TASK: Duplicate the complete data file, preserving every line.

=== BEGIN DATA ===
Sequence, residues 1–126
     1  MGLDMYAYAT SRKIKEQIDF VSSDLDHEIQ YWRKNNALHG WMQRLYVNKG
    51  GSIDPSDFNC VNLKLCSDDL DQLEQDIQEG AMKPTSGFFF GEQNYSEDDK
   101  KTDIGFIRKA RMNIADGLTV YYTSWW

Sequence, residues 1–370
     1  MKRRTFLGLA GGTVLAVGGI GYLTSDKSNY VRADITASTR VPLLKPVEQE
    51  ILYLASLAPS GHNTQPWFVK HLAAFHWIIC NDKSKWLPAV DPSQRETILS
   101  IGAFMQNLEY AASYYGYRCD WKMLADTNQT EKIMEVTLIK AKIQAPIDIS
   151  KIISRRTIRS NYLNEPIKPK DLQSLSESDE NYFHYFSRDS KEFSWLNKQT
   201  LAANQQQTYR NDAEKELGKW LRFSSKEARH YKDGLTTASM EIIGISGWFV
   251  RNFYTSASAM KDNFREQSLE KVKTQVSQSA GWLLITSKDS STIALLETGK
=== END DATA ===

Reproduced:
Sequence, residues 1–126
     1  MGLDMYAYAT SRKIKEQIDF VSSDLDHEIQ YWRKNNALHG WMQRLYVNKG
    51  GSIDPSDFNC VNLKLCSDDL DQLEQDIQEG AMKPTSGFFF GEQNYSEDDK
   101  KTDIGFIRKA RMNIADGLTV YYTSWW

Sequence, residues 1–370
     1  MKRRTFLGLA GGTVLAVGGI GYLTSDKSNY VRADITASTR VPLLKPVEQE
    51  ILYLASLAPS GHNTQPWFVK HLAAFHWIIC NDKSKWLPAV DPSQRETILS
   101  IGAFMQNLEY AASYYGYRCD WKMLADTNQT EKIMEVTLIK AKIQAPIDIS
   151  KIISRRTIRS NYLNEPIKPK DLQSLSESDE NYFHYFSRDS KEFSWLNKQT
   201  LAANQQQTYR NDAEKELGKW LRFSSKEARH YKDGLTTASM EIIGISGWFV
   251  RNFYTSASAM KDNFREQSLE KVKTQVSQSA GWLLITSKDS STIALLETGK